On the ballot: Idaho Supreme Court, constitutional amendment

A look at the Idaho's statewide races, including an Idaho Supreme Court races and a proposed constitutional amendment.

BOISE - Election Day is Tuesday, Nov. 8. In addition to voting for president, congressional races and a number of local races, Idahoans will also be asked to decide a Supreme Court race and a proposed constitutional amendment.

For a look other races you'll find on your ballot, check out the following links:

Rupert attorney Robyn Brody will face off against former state senator from Nampa, Curt McKenzie, on the general election ballot. They are vying to replace Chief Justice Jim Jones, who is retiring in January 2017 after 12 years of service. The runoff election comes after none of the four candidates picked up at least 50 percent of the vote in the May primary. Brody and McKenzie collected the most votes - 58 percent combined - leading to the November runoff.

MORE: Idaho Supreme Court race headed for runoff

 

Idaho Supreme Court
To succeed Justice Jim Jones:

Also on ballots, a proposed amendment to the Idaho Constitution. If approved, House Joint Resolution (H.J.R.) 5 would tweak the Constitution to allow lawmakers to reject rules created by executive branch agencies.

RELATED: Verify: Details of measure to amend Idaho Constitution

The tweak would apply to an important but tedious process that takes place in the first few weeks of each legislative session, when Idaho lawmakers review a breadth of rules submitted by executive branch agencies. Once executive agencies present those rules to the Idaho Legislature, lawmakers can reject them without the governor's signature - otherwise known as a legislative veto. This rare authority is what lawmakers want protected inside the Idaho Constitution.

MORE: Obscure initiative reappears on Idaho ballot

The ballot initiative needs a simple majority to pass. A similar proposal was narrowly voted down two years ago.

House Joint Resolution (H.J.R.) 5

Ballot Question:

“Shall Article III, of the Constitution of the State of Idaho be amended by the addition of a new Section 29, to provide that the Legislature may review any administrative rule to ensure it is consistent with the legislative intent of the statute that the rule was written to interpret, prescribe, implement or enforce; to provide that, after review, the Legislature may approve or reject, in whole or in part, any rule as provided by law; and to provide that legislative approval or rejection of a rule is not subject to gubernatorial veto under Section 10, Article IV, of the Constitution of the State of Idaho?”

Meaning, Purpose, and Result to Be Accomplished

The Legislature writes the laws of the state under which the state agencies adopt agency rules. By statute, agencies make rules that only interpret and implement these laws, and the legislature reserves the authority to review and reject agency rules if a rule is contrary to the intent of the law.

The Legislature's ability to approve or reject agency rules is an important aspect of the separation of powers, because these rules have the force and effect of law. The Legislature currently oversees that rulemaking process by accepting or rejecting agency rules. The proposed amendment confirms and protects the Legislature’s practice to authorize agency rulemaking, and to accept or reject agency rules.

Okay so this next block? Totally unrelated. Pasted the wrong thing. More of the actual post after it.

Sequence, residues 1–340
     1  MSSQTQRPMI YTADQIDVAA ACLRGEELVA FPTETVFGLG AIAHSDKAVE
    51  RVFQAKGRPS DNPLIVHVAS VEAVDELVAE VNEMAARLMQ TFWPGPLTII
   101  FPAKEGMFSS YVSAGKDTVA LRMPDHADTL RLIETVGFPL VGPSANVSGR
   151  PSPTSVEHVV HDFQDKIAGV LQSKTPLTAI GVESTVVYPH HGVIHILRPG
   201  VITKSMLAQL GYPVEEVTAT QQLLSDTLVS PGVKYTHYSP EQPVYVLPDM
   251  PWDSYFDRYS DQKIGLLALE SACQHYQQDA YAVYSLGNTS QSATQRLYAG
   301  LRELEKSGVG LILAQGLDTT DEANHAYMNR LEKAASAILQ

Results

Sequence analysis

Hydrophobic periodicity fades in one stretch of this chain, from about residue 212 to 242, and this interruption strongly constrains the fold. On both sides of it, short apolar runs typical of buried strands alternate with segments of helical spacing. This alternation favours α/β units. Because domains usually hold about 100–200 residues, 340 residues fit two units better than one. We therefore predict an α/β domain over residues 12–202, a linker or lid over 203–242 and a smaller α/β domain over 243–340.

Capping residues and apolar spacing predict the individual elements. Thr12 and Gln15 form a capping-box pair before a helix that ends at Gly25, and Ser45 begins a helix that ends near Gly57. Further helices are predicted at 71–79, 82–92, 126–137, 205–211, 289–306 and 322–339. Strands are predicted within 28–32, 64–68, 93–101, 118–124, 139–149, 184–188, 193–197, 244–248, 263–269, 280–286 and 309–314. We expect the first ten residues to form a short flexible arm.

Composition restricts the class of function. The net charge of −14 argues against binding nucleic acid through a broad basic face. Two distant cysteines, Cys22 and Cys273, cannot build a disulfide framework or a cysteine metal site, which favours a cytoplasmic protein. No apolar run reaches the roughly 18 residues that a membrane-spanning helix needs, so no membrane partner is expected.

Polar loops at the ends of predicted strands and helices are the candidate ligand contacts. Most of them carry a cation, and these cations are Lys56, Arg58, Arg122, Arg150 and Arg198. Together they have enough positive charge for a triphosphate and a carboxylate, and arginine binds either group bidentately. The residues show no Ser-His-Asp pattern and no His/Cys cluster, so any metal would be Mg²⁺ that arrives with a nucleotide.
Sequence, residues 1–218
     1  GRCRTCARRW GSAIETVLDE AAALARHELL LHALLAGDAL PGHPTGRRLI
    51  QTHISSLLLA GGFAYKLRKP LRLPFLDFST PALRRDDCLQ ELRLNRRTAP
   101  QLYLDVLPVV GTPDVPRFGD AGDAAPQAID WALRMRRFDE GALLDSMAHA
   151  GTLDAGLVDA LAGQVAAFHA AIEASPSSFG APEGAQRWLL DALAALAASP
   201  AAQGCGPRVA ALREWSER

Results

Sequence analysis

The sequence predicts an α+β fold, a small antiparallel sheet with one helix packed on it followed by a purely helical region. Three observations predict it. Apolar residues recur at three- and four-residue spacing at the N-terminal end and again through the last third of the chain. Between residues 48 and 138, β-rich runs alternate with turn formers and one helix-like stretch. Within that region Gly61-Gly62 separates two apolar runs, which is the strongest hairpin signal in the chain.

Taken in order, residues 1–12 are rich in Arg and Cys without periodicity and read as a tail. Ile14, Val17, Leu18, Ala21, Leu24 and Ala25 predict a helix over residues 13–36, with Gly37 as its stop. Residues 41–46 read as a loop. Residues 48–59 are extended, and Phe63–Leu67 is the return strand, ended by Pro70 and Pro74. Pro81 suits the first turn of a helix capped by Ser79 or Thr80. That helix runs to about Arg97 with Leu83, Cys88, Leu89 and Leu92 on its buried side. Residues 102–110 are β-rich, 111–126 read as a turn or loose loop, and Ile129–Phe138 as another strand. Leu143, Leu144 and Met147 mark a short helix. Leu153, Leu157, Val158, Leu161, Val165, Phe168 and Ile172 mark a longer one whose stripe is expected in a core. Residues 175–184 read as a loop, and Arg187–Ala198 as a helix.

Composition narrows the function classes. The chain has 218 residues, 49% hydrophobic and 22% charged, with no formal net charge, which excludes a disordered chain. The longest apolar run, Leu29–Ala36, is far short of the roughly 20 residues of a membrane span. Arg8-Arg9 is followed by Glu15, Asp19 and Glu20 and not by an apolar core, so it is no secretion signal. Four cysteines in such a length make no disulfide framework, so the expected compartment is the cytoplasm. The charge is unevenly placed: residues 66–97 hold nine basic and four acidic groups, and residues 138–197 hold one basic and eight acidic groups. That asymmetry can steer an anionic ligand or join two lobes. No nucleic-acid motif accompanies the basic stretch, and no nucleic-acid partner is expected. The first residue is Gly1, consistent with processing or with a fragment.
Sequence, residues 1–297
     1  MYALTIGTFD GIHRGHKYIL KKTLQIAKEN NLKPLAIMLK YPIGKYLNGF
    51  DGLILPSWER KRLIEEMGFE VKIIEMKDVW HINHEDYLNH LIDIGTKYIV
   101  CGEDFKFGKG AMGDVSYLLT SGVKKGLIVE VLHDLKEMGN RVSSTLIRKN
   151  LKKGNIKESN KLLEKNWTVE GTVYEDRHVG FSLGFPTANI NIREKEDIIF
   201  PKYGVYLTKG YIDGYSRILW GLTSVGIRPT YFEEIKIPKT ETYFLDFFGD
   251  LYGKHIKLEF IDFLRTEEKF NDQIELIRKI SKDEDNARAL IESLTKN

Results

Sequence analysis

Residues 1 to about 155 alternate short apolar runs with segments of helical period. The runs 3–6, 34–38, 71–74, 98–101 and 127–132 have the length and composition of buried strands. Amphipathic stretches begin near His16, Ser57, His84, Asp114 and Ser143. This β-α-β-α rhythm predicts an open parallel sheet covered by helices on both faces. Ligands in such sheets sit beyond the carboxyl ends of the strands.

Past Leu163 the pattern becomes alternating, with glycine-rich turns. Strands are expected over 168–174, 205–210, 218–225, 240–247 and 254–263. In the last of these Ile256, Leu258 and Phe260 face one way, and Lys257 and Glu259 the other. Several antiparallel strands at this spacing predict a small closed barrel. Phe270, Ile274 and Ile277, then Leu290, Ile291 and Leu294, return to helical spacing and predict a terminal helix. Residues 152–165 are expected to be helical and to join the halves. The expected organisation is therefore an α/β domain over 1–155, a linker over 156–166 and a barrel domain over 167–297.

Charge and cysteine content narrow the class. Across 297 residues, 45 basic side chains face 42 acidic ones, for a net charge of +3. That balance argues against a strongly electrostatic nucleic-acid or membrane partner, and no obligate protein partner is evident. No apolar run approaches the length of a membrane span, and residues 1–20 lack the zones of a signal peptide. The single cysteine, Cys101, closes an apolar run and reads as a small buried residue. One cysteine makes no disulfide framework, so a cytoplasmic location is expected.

Statements FOR the Proposed Amendment

1. The proposed constitutional amendment safeguards the ability of the legislature - elected by the people - to review and reject agency rules created by unelected state officials if those rules conflict with legislative intent. This will protect Idahoans from unfair or over regulation.

2. The legislature's current ability to review agency rules is in the law. Idaho's Supreme Court previously held that statute valid, a future supreme court could potentially declare it invalid, because Idaho's Constitution does not expressly recognize the ability of the legislature to review agency rules. The proposed constitutional amendment would protect the legislature's authority to ensure that agency rules conform with legislative intent.

3. If a future court determined the legislature did not have the right to review and reject agency rules, then Idahoans would have to hire lawyers and file lawsuits to challenge agencies' rules. That would be a much more expensive and time-consuming process than the current system which this amendment proposes to protect.

4. A Governor's veto is not required, because agency rules are proposed by the Governor's departments and agencies.

Statements AGAINST the Proposed Amendment

1. This constitutional amendment is unnecessary because the legislature already has legal authority to review agency rules. Even if the legislature did not have this authority, sufficient methods of challenging agency rules exist: the legislature can pass a law limiting an executive agency's rulemaking ability, or a rule can be challenged in court.

2. The legislature is overly involved with state agencies when it examines their rules to see whether they conform to legislative intent, and that practice should not be in Idaho's Constitution. Legislative review of agency rules is time-consuming and makes it more difficult for state agencies to conduct day-to-day business.

3. The legislature responds to agency rules in different ways. One way is to pass a bill, which it does every year to extend the agency rules from previous years. The proposed constitutional amendment would prohibit any veto of a rule approval or rejection and would infringe on the Governor's right to veto bills under the Idaho Constitution.

Copyright 2016 KTVB


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